Iguodala describes McKie as extremely generous with his guidance. Specifically, McKie counseled the rookie on the mindset needed when guarding the East’s best players at the time: “They’re going to score. There’s a reason they score twenty-five points a game. You’re going to get bad calls on you. You’re a rookie — the refs aren’t going to let you reach in. Your job is to make them work as hard as possible for those twenty-five points. If they score twenty-five but are exhausted at the end of the game, then you’ve done well.”
On Samuel Dalembert
Iguodala writes that he loved playing with the former Sixers center, and always appreciated his ebullient personality.
He also notes that there was much more to Dalembert than met the eye: “...he had one of those minds that was hard to focus. Kind of a genius type. He was Haitian, grew up in Canada, and was fluent in a couple of languages. I always got the sense that he ended up in basketball because of his height. Like if he was six-two he probably would have been a math professor somewhere. That’s not to say he wasn’t good. He had a nice jumper, was a very good shot blocker, and could run like a deer. But he had a host of other interests. Unlike a lot of guys, basketball wasn’t his life.”
He then tells a very funny story about how Dalembert built him — from scratch — his own personal computer. It was totally usable, until a year later, when it completely crashed. The software Dalembert installed was bootlegged and had expired, rendering it useless.
On Willie Green
Iguodala calls Green — who eventually wound up being an assistant coach for his team in Golden State — “a pro’s pro.”
“He learned the game from Kevin Ollie and I learned a lot of it from him. Willie Green was very clear about the things you need to do to stay in the NBA. At six-three, he was in a tough spot as an undersized shooting guard. To compensate, he played hard every day, every practice, every game. If he had to break your leg to get minutes, he would. But he did it respectfully, as funny as it sounds. He would tell you, ‘I’m going at you today...sorry man, I gotta eat.’ It didn’t matter that he was your teammate, Willie would straight up take your lunch money.”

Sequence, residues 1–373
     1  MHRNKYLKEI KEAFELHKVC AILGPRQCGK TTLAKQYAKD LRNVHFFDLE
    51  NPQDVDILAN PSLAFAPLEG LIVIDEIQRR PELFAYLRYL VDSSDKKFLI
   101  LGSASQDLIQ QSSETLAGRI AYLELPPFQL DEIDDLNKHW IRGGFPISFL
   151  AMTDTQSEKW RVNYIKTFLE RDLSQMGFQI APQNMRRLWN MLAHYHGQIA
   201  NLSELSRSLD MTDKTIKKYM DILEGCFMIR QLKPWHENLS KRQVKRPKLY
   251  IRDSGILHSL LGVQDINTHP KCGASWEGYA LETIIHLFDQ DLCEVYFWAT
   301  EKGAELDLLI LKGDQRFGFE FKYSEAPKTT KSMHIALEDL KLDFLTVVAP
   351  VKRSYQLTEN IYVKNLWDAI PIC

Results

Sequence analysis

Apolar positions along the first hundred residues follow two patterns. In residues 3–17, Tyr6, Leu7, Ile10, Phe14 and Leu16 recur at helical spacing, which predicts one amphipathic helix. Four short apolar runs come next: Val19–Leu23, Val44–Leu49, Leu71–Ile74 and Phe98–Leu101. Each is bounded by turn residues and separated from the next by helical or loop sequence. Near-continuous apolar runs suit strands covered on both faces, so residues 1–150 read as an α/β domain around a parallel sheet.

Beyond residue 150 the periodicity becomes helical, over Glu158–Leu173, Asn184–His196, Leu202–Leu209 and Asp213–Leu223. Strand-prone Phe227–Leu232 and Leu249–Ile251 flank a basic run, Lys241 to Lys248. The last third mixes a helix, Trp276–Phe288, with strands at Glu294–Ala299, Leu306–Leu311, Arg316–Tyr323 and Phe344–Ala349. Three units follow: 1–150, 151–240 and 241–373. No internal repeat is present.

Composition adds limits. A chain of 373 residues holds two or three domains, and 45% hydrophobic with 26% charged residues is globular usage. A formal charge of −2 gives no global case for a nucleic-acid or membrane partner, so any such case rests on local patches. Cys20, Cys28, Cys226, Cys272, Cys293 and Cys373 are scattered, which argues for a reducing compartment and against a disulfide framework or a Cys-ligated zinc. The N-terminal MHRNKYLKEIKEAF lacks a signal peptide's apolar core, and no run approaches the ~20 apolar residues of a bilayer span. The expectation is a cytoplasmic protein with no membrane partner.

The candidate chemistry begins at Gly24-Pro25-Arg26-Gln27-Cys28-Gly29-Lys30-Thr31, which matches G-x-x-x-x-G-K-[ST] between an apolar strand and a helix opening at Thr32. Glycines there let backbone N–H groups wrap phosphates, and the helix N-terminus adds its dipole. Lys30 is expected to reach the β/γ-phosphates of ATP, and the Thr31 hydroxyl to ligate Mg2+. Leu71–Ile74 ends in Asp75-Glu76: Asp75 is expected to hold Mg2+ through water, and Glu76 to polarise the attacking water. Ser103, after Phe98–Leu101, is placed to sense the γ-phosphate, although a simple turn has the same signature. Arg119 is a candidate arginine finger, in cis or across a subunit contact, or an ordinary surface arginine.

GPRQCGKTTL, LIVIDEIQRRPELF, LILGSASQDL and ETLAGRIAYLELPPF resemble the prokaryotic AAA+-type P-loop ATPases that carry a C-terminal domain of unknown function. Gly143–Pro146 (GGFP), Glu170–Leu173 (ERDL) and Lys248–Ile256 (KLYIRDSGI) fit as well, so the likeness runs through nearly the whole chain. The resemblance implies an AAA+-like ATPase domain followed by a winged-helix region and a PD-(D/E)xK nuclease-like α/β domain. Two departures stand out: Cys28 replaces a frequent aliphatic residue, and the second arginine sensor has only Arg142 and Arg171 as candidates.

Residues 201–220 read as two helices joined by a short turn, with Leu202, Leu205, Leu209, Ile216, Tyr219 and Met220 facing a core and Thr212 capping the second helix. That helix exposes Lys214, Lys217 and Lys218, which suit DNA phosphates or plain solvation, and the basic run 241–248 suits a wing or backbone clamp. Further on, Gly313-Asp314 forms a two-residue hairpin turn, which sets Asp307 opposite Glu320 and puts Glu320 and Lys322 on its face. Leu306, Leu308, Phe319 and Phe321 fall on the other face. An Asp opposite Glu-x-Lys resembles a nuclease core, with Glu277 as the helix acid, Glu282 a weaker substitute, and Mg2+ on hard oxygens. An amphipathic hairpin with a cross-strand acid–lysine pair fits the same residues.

He commends Green for achieving a decade-long career in the league on the back of his hard work every day.
On Marc Jackson
In one of my favorite passages from the book, Iguodala mentions the former center’s endless pride in Philadelphia being his hometown: “This was a guy out of North Philadelphia, and he’d never let you forget it. He put ‘NP’ on his ankle tape, so he could tape his socks up high and make sure he was always representing where he hailed from.”
Iguodala wrote how, at the time, he had his brother and cousin living with him in Philadelphia during his rookie season. One day, he and his kin got to lollygagging a bit too much and showed up late to practice. Jackson, seeing them approach, immediately accosted his brother and cousin in a profanity-laden speech, about how it was incumbent upon them to make sure Andre was never late. “‘Neither of you got jobs! So if ‘Dre don’t eat, y’all don’t eat. You are his alarm clock. Don’t you ever let him ever be late to practice ever again!’ I was shocked. But the funny thing is, I find myself saying that exact thing to young guys now.”
On Chris Webber
Webber, who took Iguodala’s number 4 when he was acquired midseason, is described as someone clearly trying to hold onto his NBA life. “When he had a good game, he was in a good mood, but after a bad game, he took it hard. Chris was a thinking man and a very emotionally intelligent one, and very conscious of the black experience in America.”
Iguodala writes that he will always cherish the conversations he and Webber had away from the game during their time together, despite Webber’s Sixers career not going well.
“He fundamentally changed the way I thought about my career and my money.”
On Elton Brand
Iguodala describes how Brand was in a tough spot to begin his Sixers career. He was recovering from a severe achilles injury, and found himself at odds with then-head coach Eddie Jordan’s system. Jordan’s Princeton offense required Brand to be more of a modern-day stretch four, which was never his game. Occasionally, Brand would do away with the system, and instead, set up on the block in an effort to get his own offense going. “I can’t say I enjoyed that at first, but I get that he was in a tough position,” Iguodala says.